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On April 19, the US Food and Drug Administration issued a warning to diabetes patients not to combine the blood pressure medication aliskiren (Tekturna) with ACE inhibitors or angiotensin receptor blockers. The warning also applies to patients who have renal impairment.
The FDA said that patients with diabetes who mix the drugs risk kidney damage, hypotension (extremely low blood pressure), and hyperkalemia (abnormal levels of potassium in the blood).
Medications that contain aliskiren include:
• Amturnide (aliskiren hemifumarate, amlodipine besylate, and hydrochlorothiazide)
• Tekturna (aliskiren hemifumarate)
• Tekturna HCT (aliskiren hemifumarate and hydrochlorothiazide)
• Tekamlo (aliskiren hemifumarate and amlodipine besylate)
• Valturna (aliskiren hemifumarate and valsartan) (Valturna will no longer be marketed after July 2012)
Aliskiren is a medication called a direct renin inhibitor. It works by decreasing certain natural chemicals that tighten the blood vessels, thus relaxing them and allowing for more efficient circulation.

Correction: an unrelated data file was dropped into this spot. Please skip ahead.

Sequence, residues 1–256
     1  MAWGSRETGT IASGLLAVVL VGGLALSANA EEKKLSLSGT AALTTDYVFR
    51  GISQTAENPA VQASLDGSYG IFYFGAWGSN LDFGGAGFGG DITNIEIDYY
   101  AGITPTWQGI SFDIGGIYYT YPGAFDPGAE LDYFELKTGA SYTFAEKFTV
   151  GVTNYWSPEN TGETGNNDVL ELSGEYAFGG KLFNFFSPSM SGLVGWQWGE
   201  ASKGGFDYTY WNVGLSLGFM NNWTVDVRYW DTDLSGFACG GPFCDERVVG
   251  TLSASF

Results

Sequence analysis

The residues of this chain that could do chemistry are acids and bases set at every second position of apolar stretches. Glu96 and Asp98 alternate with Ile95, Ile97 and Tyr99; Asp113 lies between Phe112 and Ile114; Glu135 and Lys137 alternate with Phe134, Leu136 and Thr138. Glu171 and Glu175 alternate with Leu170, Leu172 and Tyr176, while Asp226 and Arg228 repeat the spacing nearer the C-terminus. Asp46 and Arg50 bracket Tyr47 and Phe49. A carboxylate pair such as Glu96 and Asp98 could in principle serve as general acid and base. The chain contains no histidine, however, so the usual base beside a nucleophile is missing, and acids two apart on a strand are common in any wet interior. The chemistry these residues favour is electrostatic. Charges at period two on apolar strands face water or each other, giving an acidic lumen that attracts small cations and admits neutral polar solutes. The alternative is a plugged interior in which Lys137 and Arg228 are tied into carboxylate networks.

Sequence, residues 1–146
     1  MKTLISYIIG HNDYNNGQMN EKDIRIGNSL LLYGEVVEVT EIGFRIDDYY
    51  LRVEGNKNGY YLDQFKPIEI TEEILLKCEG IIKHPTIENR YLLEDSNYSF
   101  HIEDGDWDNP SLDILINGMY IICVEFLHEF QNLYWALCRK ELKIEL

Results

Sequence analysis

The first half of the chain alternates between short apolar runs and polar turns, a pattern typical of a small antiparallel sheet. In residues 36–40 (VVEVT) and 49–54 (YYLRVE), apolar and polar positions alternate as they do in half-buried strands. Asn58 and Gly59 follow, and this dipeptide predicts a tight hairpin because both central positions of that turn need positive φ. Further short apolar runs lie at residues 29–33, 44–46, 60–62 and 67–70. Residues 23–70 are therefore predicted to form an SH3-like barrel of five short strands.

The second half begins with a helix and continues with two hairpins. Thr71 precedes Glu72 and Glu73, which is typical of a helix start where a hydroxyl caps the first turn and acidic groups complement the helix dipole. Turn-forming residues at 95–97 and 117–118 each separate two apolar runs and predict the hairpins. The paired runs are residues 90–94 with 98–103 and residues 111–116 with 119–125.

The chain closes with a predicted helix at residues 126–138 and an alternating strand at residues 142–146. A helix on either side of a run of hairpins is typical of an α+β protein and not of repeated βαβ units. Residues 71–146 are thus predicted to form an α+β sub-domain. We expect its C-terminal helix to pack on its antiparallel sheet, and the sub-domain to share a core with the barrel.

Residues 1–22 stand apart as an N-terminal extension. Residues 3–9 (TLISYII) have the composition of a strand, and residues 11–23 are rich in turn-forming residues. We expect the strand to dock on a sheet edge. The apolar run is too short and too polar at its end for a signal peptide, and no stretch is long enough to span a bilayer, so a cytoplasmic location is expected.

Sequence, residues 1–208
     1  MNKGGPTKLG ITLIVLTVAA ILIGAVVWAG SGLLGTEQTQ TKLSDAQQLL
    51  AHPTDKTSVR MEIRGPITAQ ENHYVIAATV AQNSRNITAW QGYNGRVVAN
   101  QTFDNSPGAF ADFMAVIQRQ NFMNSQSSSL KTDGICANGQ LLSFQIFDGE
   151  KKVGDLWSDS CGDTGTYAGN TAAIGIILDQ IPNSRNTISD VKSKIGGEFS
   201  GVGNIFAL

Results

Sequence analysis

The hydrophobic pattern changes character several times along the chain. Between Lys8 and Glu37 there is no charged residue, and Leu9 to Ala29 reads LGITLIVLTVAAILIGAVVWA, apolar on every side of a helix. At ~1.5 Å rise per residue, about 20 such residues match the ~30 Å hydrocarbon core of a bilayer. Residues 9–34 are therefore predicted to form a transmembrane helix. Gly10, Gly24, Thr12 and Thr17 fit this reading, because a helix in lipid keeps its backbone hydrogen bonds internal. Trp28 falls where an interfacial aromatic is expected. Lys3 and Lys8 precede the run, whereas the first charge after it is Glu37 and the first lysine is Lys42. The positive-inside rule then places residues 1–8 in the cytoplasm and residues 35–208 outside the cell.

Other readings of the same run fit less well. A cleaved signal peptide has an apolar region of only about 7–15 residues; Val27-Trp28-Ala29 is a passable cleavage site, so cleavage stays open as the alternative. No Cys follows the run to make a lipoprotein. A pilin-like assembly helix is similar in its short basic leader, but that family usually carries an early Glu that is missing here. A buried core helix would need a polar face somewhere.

ACE (angiotensin converting enzyme) inhibitors are a class of drugs that cause blood vessels to widen. They are often used to treat hypertension and heart failure. Angiotensin receptor blockers (ARBs) allow blood vessels to relax and dilate.
Diabetes Health is the essential resource for people living with diabetes- both newly diagnosed and experienced as well as the professionals who care for them. We provide balanced expert news and information on living healthfully with diabetes. Each issue includes cutting-edge editorial coverage of new products, research, treatment options, and meaningful lifestyle issues.